In memory of John Nash - legendary economist
JOHN FORBES Nash Jr, winner of the Nobel Prize in Economics in 1994, died in a car crash last Saturday. Nash won the Nobel Prize following the significant impact of his innovative work in game theory over the last 50 years.
Nash, a schizophrenic mathematician/economist, pioneered the 'Nash equilibrium' in game theory, which revolutionised the way individual economic agents approach and negotiate with each other to get the best outcome, regardless of what the others do. Nash's life inspired a book and a movie, A Beautiful Mind, which helped to popularise game theory.
What is game
Game theory is the part of mathematical economics designed to analyse strategies for dealing with competitive
situations. Firms apply game theory strategies in corporate mergers and acquisitions, etc. Government and the military apply game theory strategies in geopolitical diplomatic negotiations for war, or trade, or otherwise. Game theory is also applied in space science, engineering, stock market and international business. It has many different fields, including, but not limited to, cooperative games, non-cooperative games and strategic games.
How did Nash coin the concept of the equilibrium?
Nash thought of the concept when he and three of his friends were negotiating how to approach a group of women who were making eye contact with them in a bar. One of the girls being 'hotter' than the other four, Nash's friends recommended that every man should pursue her only. Every man for himself, may the best man win, in the pursuit of self-interest as recommended by Adam Smith's approach to economics.
Nash objected, indicating that such an approach was flawed. In this case, competition between them would become too overwhelming. The girl would end up choosing none of them, and no one would 'get laid', which is the worst possible outcome. He recommended instead, that they should all pursue the friends who were not so hot, show them attention and each man would be in a better position to 'get laid'. Operating in the interest of the group supersedes operating in self-interest, leading to a better outcome.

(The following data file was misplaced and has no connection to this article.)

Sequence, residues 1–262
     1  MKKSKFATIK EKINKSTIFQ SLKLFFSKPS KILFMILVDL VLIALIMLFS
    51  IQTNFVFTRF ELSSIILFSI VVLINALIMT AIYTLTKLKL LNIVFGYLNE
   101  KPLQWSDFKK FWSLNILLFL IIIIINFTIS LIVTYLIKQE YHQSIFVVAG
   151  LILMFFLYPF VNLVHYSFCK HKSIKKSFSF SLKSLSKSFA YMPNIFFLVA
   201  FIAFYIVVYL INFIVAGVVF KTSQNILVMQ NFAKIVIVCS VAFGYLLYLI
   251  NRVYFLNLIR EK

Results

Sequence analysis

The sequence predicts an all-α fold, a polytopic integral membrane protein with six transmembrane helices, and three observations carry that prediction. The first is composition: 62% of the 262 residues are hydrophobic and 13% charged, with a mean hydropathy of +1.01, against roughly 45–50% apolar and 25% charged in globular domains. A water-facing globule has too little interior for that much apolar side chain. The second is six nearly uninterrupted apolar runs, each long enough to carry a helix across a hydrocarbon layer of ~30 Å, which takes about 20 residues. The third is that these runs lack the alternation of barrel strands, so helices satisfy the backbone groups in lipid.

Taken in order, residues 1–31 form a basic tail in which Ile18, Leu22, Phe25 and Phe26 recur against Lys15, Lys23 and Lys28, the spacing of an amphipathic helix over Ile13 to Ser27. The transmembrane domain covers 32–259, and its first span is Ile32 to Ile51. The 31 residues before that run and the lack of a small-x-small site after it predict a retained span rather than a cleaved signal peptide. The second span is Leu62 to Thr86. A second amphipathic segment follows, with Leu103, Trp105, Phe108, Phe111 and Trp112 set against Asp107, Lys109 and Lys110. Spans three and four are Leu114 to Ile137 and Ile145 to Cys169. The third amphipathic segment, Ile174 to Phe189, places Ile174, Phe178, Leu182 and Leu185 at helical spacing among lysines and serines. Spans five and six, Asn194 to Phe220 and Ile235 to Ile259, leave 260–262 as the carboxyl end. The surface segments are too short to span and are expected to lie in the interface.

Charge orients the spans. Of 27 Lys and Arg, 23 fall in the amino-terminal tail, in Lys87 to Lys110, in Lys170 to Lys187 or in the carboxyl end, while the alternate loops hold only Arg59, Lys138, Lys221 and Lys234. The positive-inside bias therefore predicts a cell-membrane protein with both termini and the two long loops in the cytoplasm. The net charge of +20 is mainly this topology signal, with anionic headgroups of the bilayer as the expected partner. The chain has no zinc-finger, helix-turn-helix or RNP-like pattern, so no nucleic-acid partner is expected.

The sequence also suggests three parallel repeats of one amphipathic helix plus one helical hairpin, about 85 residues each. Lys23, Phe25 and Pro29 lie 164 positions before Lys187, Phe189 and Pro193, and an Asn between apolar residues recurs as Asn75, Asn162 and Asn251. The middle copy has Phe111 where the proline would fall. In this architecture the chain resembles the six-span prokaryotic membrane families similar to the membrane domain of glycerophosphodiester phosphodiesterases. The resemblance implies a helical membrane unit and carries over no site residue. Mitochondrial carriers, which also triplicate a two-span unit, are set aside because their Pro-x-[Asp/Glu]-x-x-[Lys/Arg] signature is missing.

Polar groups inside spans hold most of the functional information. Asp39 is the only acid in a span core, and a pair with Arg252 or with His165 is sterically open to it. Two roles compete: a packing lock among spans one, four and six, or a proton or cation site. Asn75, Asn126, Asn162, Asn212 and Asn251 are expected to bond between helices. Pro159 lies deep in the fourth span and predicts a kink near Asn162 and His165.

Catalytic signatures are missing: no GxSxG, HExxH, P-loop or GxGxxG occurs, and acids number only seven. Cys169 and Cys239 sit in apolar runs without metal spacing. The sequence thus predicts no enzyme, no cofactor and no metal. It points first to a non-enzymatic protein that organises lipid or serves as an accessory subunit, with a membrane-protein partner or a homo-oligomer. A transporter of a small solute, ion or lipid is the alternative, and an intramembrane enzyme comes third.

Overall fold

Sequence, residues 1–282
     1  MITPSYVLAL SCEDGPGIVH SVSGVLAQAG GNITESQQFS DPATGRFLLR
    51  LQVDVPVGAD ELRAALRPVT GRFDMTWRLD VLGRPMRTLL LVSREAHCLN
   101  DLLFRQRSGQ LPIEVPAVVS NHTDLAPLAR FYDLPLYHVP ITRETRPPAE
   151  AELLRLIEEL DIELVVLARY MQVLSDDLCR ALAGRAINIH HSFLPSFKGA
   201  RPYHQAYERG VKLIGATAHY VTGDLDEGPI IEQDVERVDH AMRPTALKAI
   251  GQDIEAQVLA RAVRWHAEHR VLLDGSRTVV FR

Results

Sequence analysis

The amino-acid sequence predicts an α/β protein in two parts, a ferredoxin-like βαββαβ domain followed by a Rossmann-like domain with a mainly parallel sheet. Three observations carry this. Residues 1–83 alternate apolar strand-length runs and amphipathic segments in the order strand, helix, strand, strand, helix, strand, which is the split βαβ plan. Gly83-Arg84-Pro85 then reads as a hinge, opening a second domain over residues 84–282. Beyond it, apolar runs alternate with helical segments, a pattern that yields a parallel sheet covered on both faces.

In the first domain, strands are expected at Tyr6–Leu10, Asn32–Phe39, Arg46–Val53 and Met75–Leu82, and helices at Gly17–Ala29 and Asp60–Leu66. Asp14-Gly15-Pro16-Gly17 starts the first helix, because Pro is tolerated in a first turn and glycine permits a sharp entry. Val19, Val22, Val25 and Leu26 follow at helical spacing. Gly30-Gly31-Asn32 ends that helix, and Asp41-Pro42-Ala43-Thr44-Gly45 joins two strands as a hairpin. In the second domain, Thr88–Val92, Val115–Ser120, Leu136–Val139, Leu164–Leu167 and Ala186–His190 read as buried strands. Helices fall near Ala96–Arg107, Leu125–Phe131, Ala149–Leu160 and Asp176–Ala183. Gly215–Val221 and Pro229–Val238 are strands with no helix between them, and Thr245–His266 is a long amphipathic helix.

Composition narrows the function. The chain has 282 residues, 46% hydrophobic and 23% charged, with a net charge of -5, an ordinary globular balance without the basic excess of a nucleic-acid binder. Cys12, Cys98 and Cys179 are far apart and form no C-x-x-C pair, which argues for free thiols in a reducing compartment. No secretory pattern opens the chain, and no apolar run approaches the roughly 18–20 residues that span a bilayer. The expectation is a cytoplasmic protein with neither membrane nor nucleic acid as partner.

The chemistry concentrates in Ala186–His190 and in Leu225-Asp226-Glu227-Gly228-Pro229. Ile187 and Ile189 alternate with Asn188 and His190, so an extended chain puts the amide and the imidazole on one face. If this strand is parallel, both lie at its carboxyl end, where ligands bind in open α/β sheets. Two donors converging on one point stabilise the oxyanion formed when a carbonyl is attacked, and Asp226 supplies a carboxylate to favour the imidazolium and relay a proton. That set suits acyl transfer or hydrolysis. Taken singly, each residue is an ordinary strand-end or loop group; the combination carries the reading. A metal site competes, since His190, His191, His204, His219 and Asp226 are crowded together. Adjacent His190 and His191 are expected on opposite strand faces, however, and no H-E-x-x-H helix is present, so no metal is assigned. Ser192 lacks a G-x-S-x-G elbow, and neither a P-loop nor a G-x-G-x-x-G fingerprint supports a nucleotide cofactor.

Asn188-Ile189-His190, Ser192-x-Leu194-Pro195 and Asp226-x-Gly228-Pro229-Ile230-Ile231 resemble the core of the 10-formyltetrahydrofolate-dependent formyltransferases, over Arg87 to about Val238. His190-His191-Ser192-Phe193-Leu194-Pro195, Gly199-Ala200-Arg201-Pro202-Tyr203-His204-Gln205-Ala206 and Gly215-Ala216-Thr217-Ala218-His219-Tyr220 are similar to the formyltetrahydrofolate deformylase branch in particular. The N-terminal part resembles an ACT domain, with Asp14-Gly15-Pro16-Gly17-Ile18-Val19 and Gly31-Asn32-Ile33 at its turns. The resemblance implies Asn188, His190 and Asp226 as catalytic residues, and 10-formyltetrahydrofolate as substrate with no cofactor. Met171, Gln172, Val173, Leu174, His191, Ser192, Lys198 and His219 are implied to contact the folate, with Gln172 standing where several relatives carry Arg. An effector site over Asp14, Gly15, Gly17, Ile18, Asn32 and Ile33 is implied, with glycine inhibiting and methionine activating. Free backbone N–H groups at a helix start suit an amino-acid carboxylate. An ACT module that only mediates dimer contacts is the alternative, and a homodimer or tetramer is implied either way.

What is the Nash Equilibrium?
Basically, interactions between persons, firms and/or government can be broken down into games, where each player has more than one choice of action, leading to the possibility of different outcomes. Here, the outcome of a particular choice of action depends critically on the choice of actions of the other players. Each player examines the possible actions of the other players, match it with their own actions and attempt to predict the likelihood of each possible outcome.
The aim is for each player to select his strategy that produces the best results, irrespective of the action of the other player(s). The outcome from such actions is referred to the Nash equilibrium and is the best solution to the game. The Nash equilibrium is widely explained using the prisoner's dilemma, where individuals acting in self-interest pursue a course of action that does not lead to the best possible outcome. One should instead pursue the interest of the group to achieve the best possible outcome, or achieve a Nash equilibrium.
What is the prisoner's dilemma?
Imagine a situation where the police arrest two suspects to a crime and are interrogating them in two separate rooms. Each has two choices, confess, thereby implicating the other, or deny the crime. The police tell each of them that if they confess, they will serve a shorter sentence, but if one denies and the other confesses, the person who denies will serve a longer sentence. No matter what the other person does, each can improve their situation by confessing.
In this case, the optimal thing to do is to confess, assuming that the other suspect confesses, a confession will produce a shorter sentence. But if both confess, the outcome is worse than if both deny the act. So even though confession would be the 'dominant strategy', denying would produce the best outcome.
- Dr Andre Haughton is a lecturer in the Department of Economics on the Mona campus of the University of the West Indies. Follow him on twitter @DrAndreHaughton; or email email@example.com.